This week, a hot avalanche cloud was observed descending to the southwest, upstream of the Bebeng River with a maximum sliding distance of 2,000 m. Lava avalanches were observed 91 times in the southwest, descending the Bebeng River with a maximum slip distance of 2,000 m.
No significant morphological changes were observed either in the Southwest lava dome or in the central dome. The volume of the Southwest lava dome is 1,670,000 m3 and the central dome is 3,007,000 m3.
This week, the seismicity of Mount Merapi showed:
1 hot cloud avalanche earthquake (AP),
5 shallow volcanic earthquakes (VTB),
62 multi-phase earthquakes (MP),
864 avalanche earthquakes (RF),
40 emission earthquakes (DG),
9 tectonic earthquakes (TT).
The intensity of this week’s earthquake is still quite high.
Mount Merapi’s deformation, which was monitored using EDM this week, showed a distance shortening rate of 0.2 cm/day.
Rain and lahars
This week, it rained at the Mount Merapi observation post with an intensity of 62 mm/hour for 40 minutes at the Kaliurang post on January 17, 2022. There were no reports of lahars or additional flow in the rivers that have their source on Mount Merapi.
Based on the results of visual and instrumental observations, it is concluded that:
Volcanic activity at Mount Merapi is still quite high in the form of effusive eruption activity. The state of the activity is defined at the « SIAGA » level.
Source : BPPTKG.
Photos : Oystein Lund Andersen (which I salute) ,
Costa Rica , Turrialba :
Turrialba Volcano National Park is temporarily closed until authorities recommend its reopening.
The Volcanological and Seismological Observatory of Costa Rica (Ovsicori) reported on Thursday the increase in the level of activity of the Turrialba volcano, which went from level two (active) to level three (erupting).
The director of the protected area, Reina Sánchez, indicated that the National System of Conservation Areas (Sinac) has decided to temporarily close this area until the corresponding entities notify a greater stability of the volcano that allows its reopening.
For their part, the Costa Rican authorities urged to maintain greater surveillance of the volcano, as part of the protection protocol activated since January 17, when explosions were recorded.
These explosions triggered alerts from monitoring entities because it released residue at a height between 500 and 1,000 meters above the crater, and ashfall was recorded in several surrounding areas. Since that date, other minor eruptions have been reported.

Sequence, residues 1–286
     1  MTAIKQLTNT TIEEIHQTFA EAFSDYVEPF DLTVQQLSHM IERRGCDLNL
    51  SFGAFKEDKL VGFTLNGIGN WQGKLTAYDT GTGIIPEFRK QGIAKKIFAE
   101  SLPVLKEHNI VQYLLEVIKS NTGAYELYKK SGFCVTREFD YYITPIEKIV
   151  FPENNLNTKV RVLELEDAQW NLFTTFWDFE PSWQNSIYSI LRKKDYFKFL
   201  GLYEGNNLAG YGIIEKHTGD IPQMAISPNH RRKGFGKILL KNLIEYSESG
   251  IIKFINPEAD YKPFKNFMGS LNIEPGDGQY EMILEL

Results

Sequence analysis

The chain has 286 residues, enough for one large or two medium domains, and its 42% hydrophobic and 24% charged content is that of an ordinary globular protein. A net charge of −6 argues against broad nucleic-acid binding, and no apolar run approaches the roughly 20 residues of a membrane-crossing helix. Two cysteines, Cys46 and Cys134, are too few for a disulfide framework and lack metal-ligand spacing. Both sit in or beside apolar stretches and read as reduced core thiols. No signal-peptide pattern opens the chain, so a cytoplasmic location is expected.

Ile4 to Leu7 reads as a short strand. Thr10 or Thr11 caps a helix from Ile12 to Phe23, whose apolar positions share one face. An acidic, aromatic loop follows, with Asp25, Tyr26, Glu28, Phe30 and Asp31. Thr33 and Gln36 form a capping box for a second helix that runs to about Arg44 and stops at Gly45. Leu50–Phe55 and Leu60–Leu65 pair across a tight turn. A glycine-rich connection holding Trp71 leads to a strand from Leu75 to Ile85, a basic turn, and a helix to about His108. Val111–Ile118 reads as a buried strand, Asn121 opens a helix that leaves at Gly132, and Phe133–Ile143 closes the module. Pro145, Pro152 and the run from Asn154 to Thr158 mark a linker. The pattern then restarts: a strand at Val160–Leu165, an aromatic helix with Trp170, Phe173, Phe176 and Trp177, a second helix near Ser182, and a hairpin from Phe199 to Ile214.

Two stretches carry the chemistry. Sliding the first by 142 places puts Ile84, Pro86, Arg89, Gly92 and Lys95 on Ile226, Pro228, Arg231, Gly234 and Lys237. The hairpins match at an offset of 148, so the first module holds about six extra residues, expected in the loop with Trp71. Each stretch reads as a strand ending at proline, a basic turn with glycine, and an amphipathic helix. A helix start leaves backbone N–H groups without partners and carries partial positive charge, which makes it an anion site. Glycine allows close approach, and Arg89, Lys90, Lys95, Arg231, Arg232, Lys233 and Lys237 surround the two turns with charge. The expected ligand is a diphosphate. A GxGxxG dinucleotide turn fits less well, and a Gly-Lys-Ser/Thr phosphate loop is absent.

Local authorities pointed out that this process shown by the Turrialba last Monday was the most energetic in the past two years.
Source : telesurtv.net
Photo : Diego Nunez Salmeron et Reina Sanchez Solano / crhoy.com .
Hawaii , Kilauea :
19°25’16 » N 155°17’13 » W,
Summit Elevation 4091 ft (1247 m)
Current Volcano Alert Level: WATCH
Current Aviation Color Code: ORANGE
The summit eruption of Kīlauea Volcano, within Halemaʻumaʻu crater, greatly decreased in output starting yesterday midday to early this morning. After about 4 a.m. HST this morning, the eruption output began to increase. All recent lava activity has been confined to the crater, and there are no indications of activity migrating elsewhere on Kīlauea.
Telephoto view of the west vent in Halema‘uma‘u crater after it resumed erupting in the late morning of January 18, 2022. A lighter gray gray recent lava flow is visible emanating from the west vent, and active lava upwells from the lava pond adjacent to the west vent in the upper left part of the photo. Cascades from the lava pond are filling the active portion of the lava lake.
Summit tiltmeters recorded overall gradual deflation starting January 19, 2022 at about 04:15 p.m. HST, which continued until yesterday evening January 20 at 8 p.m. HST. Inflation began at last night January 20 at 11 p.m. HST and has continued since. Volcanic tremor associated with the eruption—as recorded by nearby seismometers— decreased yesterday until about 8 p.m. HST, and then started increasing since about 5:30 a.m. this morning. The most recent sulfur dioxide (SO2) emission rate of approximately 2100 tonnes per day was measured January 19, 2022.
Halemaʻumaʻu Lava Lake Observations:
Lava returned to the western vent within Halemaʻumaʻu crater at about 10:45 a.m. HST on January 18, 2022. The extent of the active lava lake and the overall effusion rate started decreasing yesterday afternoon. The active lava lake was limited to a small pond north of the west vent cone overnight. Just after 4 a.m. HST this morning, the lava effusion rate increased, and by 7 a.m. HST this morning the active lava lake extent has resumed to its previous extent. The lava lake has seen a total rise of about 83 meters (272 feet) since lava emerged on September 29, 2021.
Source : HVO
Photo : USGS / K. Mulliken.